nurse caring for elderly patient with graphic text overlay caring for elderly patients

How to Care for Elderly Patients

Staff Writer
Mar 25, 2022

The number of Americans over the age of 65 is projected to double, from 46 million today to over 98 million by 2060, which will make up almost 24 percent of the population.

In all branches of healthcare, and because we’re living longer on average as a society, a significant group of your patients will be elderly. Each generation has specific needs, and our elders are no different. A thoughtful, compassionate approach helps develop a real relationship and trust between patients and care providers. And when patients feel that their provider understands them, outcomes improve a lot.

Since there is no doubt you will work with older patients at some time during your career, here are a few tips to help smooth communication and provide the best care possible to older generations.

Consider Hearing Loss When Communicating

Age-related hearing loss is common problem for older adults. Often the result of prolonged exposure to noise, hearing loss can also be caused by disease, heredity, and simply aging. Approximately 1 in 3 adults between the ages of 65 and 74 is afflicted with hearing loss. That’s a pretty big number, so it’s important as a nurse or healthcare provider to understand the importance of quality communication with elderly patients, and take into account that hearing loss may be a source of confusion, irritability, or attention deficit. Consider the following techniques when caring for an elderly patient who is hard of hearing:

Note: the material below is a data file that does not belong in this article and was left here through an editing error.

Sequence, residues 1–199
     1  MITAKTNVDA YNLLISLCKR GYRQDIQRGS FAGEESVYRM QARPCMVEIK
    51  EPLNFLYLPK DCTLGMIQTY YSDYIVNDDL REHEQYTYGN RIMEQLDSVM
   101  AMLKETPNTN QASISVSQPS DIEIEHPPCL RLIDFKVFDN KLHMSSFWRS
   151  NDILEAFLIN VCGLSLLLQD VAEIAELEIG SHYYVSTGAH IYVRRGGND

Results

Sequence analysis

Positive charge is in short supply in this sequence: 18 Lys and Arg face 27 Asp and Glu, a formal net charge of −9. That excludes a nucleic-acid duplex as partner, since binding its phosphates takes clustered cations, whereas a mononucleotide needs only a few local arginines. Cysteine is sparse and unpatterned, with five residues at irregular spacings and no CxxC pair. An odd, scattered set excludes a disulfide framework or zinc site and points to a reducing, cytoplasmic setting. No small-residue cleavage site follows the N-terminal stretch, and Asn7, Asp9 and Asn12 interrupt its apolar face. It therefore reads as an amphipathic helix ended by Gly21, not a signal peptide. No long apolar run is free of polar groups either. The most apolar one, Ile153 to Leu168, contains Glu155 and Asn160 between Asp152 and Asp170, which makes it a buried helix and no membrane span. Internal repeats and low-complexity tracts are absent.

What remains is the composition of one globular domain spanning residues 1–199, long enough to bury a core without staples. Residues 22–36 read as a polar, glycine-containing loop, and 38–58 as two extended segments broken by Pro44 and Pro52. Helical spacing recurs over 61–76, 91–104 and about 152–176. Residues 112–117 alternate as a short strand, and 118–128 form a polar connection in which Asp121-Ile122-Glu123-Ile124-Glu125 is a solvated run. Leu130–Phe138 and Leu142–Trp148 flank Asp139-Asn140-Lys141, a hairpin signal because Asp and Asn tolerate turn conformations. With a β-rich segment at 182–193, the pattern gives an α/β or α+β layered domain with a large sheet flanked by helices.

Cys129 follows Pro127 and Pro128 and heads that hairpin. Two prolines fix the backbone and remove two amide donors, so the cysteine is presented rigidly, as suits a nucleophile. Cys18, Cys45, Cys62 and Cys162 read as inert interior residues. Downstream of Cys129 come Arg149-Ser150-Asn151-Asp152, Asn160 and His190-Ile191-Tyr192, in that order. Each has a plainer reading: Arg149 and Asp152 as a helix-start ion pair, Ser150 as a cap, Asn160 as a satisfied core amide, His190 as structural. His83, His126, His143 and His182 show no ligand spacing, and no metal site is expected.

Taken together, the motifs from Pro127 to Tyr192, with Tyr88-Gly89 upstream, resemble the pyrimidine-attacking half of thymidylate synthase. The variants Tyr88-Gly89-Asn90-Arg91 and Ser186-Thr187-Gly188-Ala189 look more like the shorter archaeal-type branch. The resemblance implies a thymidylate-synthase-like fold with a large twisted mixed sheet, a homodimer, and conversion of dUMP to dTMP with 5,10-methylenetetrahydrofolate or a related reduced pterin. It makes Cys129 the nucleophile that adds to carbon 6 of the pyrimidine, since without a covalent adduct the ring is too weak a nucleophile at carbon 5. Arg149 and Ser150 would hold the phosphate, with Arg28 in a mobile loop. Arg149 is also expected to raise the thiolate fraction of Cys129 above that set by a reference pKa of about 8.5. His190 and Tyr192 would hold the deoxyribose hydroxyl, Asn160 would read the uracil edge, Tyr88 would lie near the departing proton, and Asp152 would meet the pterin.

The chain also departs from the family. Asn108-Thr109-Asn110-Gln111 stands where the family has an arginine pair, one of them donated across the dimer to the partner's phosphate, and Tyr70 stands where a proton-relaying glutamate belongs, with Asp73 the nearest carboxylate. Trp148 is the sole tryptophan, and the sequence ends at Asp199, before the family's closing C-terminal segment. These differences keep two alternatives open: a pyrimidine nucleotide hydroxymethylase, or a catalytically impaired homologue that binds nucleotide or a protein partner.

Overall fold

• Get their attention by putting your hand gently on their shoulder, or speak their name to get their attention, before you give important information.
  • Reduce background noise by turning off the music or television. When in restaurants and social gatherings, sit away from crowded areas.
  • Speak clearly, people with hearing loss may not understand you if you’re mumbling or speaking too quickly. Speak at a slower pace while enunciating clearly.
  • Speak loudly, a little more loudly than normal, but avoid shouting.
  • Repeat yourself. People with hearing loss may compensate by nodding as though they understand, when in fact they didn’t hear you.
  • Have good lighting. Facial expressions and body language can be seen more clearly in well-lit areas.


Understand Common Diagnoses of Elderly Patients

There are a number of health-related conditions common to the aging and elderly population that could affect your health assessment. Pay attention to behavior and physical queues of these common ailment to better assess their overall condition.

  • Heart conditions: This includes hypertension, congestive heart failure, high blood pressure, and coronary artery disease. Side effects include fatigue and lack of physical strength.
  • Dementia: In addition to memory loss, dementia patients experience paranoia, aggression, agitation, and lack of self-care.
  • Delirium: Symptoms include shaking, a shortened attention span, and extreme mood swings.
  • Depression: Depression is very common among the elderly. Sadness, irritability, fatigue, and feelings of worthlessness are all symptoms.

Know Your Audience

As a nurse, providing consistent, quality care is your duty – and developing a trusting relationship with your patient is essential to your ability to communicate and effectively assess your patient’s physical and mental condition.

Be aware of your appearance and consider how your presentation may affect your ability to earn the trust of your patient. In some cases, you may have better communication with an elderly patient if tattoos and piercings are covered. In other scenarios, your ink may be completely acceptable. Know your audience.

Care With Dignity

Our elderly community has lived through times of incredible change, including wars, new technologies, births and deaths. They may be struggling physically or mentally, and they may also be struggling with the ideal of losing their independence. Healthcare workers have a responsibility to maintain a high standard of respect while caring for our elders.

Help elders maintain dignity by not trying to do things for them that they can still do for themselves. Be aware of where they might need support, but maintain respect when helping elderly patients accomplish tasks.


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